Dear St. Thomas,
November has come and gone and December seems to already be in full swing. While it seems as if stores have been ready for the holiday shopping season since Halloween, the season of Advent begins on December 3 this year.
The word “Advent” is derived from the Latin word adventus, which means “coming”. Today, the season of Advent lasts for four Sundays leading up to Christmas. It doesn’t happen every year, but this year the fourth Sunday of Advent is on December 24, which also happens to be Christmas Eve. Christians believe that we need God to bring us life and salvation. While Christmas celebrates Jesus coming into the world as God incarnate, we also understand that this is not only an event occurring in the past, but also happens in our present life and the world’s future. Our season of Advent is not as much about Mary’s pregnancy as it is the church’s continual prayer that God will come to us and bring life to a dying world. For those of us in the northern hemisphere of the world, it is a time to meditate on the darkness in our world, the social order, the lives of many people, and in our own lives. It is a time to pray for God’s salvation and wholeness for all. With the busyness of our lives and the brokenness in the world we are called into a quiet and reflective Advent; we are called into a time to hope for God’s salvation; we are called to pray for the world; we are called to pause from the cultural hype and consumerism the seasons often brings; we are called to wait for the good news that God continues to bring to us today.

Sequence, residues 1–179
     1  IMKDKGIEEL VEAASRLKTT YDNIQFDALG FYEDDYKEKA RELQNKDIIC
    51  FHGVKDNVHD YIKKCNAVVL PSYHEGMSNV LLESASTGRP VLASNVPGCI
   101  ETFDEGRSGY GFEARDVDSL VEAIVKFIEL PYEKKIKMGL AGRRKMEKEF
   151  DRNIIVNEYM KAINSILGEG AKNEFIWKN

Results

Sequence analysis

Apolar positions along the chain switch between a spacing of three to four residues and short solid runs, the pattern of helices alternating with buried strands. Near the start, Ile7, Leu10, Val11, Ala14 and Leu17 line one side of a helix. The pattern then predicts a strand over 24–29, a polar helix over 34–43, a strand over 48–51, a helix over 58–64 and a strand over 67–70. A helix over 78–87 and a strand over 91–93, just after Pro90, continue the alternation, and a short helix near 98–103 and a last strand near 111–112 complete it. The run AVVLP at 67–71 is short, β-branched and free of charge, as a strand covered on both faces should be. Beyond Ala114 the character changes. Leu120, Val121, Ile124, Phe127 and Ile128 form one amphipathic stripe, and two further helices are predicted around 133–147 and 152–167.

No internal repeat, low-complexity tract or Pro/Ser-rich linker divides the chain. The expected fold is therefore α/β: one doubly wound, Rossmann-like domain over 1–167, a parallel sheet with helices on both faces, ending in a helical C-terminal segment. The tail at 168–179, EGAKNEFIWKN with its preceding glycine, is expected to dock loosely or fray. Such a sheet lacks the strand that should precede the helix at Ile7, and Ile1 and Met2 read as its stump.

One of the practices that we will be sharing in this year is the practice of an Advent Photo a Day. Each day has a word assigned to it. Take a picture of something that captures that word for you. If you have email you can email it to me (email@example.com) or you can post it to our Facebook page. I pray that this will give you time to reflect on the season and on the ways God is already at work in the world.
Another practice that we are participating in this year is giving to the ELCA Good Gifts. There will be two trees in the narthex of the church with ornaments on them. Each ornament has an item and a dollar amount, such as a goat for $50. These gifts will then go to projects, people, and families that they will help the most. After choosing your ornament you will fill out the form located on the table next to the trees and turn it into the offering plate with the amount of money (cash or check) needed for that gift. You can purchase these gifts in honor of someone take the ornament home and give it to them for Christmas this year.
Peace and blessings as you prepare both your hearts and homes for Christ coming into the world,
Pastor Joyce Partyka Staib
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